Macedonia: Government's failure to address double discrimination against Romani women and girls
I wanted to go to school but we needed to pay for food, for clothes. My mother did not have any education. My father died when he was very young. So I needed to take care of myself and there was no money for school.
Silvana, a Romani woman talking to Amnesty International
Romani women in Macedonia suffer double discrimination -- on the grounds of their gender and their ethnicity, according to Amnesty International. In a report published today, the organization calls on the Macedonian authorities to break the pattern of discrimination against Romani women.
"This long-recognized double discrimination is widespread, routine and pervasive. Romani women and girls suffer from intersecting and overlapping forms of discrimination which, in many cases, go hand in hand with poverty," said Sian Jones, Amnesty International's researcher on Macedonia.
Amnesty International's report, Macedonia: The government’s failure to uphold the rights of Romani women and girls, provides evidence of discrimination against Romani women in accessing three basic human rights: the right to education, the right to employment and the right to health, as well as violence against women as a form of discrimination.
The report also notes that significant number of Roma, including Romani women, who do not have birth certificates or citizenship cannot access basic services, including education, social insurance and health care.
"At school, Romani girls are faced with stereotyped low expectations from teachers which, along with the absence of free primary education, leads to the majority of girls dropping out of school before they complete their education," Sian Jones said.
The failure of the Macedonian authorities to guarantee the right to free and compulsory education means that more than half of Romani women -- an estimated 66 per cent -- are only able to find work in the informal economy, unprotected by labour or health and safety laws. Those employed by state institutions work predominantly as cleaners. Only a small percentage of university-educated Romani women are able to find employment in professional or managerial posts.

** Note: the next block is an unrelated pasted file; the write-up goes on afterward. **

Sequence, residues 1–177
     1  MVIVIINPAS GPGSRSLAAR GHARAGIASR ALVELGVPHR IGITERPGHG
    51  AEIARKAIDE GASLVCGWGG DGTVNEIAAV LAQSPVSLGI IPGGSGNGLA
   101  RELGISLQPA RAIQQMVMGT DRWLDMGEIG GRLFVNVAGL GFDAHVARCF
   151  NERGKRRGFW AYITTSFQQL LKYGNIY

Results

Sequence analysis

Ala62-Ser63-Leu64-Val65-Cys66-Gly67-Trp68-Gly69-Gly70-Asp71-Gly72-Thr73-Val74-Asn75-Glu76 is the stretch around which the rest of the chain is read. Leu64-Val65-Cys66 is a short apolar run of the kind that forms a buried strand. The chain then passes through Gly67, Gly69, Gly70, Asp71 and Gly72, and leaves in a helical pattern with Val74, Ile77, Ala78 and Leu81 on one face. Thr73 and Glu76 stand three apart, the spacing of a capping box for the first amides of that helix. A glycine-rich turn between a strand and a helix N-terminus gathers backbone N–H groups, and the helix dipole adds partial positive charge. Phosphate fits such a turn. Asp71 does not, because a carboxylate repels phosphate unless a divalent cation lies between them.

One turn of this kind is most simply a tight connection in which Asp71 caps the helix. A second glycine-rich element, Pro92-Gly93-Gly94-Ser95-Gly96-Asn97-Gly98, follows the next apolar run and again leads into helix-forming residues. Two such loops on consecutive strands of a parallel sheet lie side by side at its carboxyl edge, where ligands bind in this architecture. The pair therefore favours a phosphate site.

"When Romani women do find work they often face verbal abuse and harassment from their employers. Romani women work in worse conditions, for longer hours and for lower pay than non-Romani women," Sian Jones said.
Romani women find it very difficult, in some cases impossible, to secure health care for themselves or for their children. They may not have health insurance at all or because of poverty they may not be able to afford basic medicines or even medical treatment. In addition, Romani women may face direct discrimination by health workers, including in being refused access to treatment.
"The Macedonian government has, to date, failed to adopt a comprehensive anti-discrimination framework that would enable Romani women to secure their rights and challenge abuses."
Violence against women occurs in all communities and across all social groups in Macedonia. An estimated 70 per cent of Romani women have reported domestic abuse. However, when Romani women report -- if they report such violence at all -- law enforcement officers often fail to respond appropriately and may further subject them to racist abuse and discriminatory treatment.
Amnesty International is concerned that successive governments have consistently failed to address the human rights of Roma. The organization is also concerned that the current administration has failed to respond to the challenge of the Decade of Roma Inclusion, which aimed to introduce measures to ensure that all Roma in Macedonia are guaranteed their rights including access to education, work, health care and adequate housing. Where action has been taken, it has not been taken by the government, but rather by domestic and international non-governmental organizations (NGOs), including Romani NGOs, and with international funding.
Amnesty International calls on the European Union to continue their monitoring of the state’s progress towards meeting the human rights standards set out for candidate member countries, ensuring that with respect to the protection and improvement of the rights of minorities, the rights of Romani women and girls are fully considered.
"If racial and gender discrimination persist, Romani women are unlikely to escape the cycle of poor education that traps them in low-paid jobs, while further discrimination denies them access to health care and social security and condemns many to a life of poverty," Sian Jones said.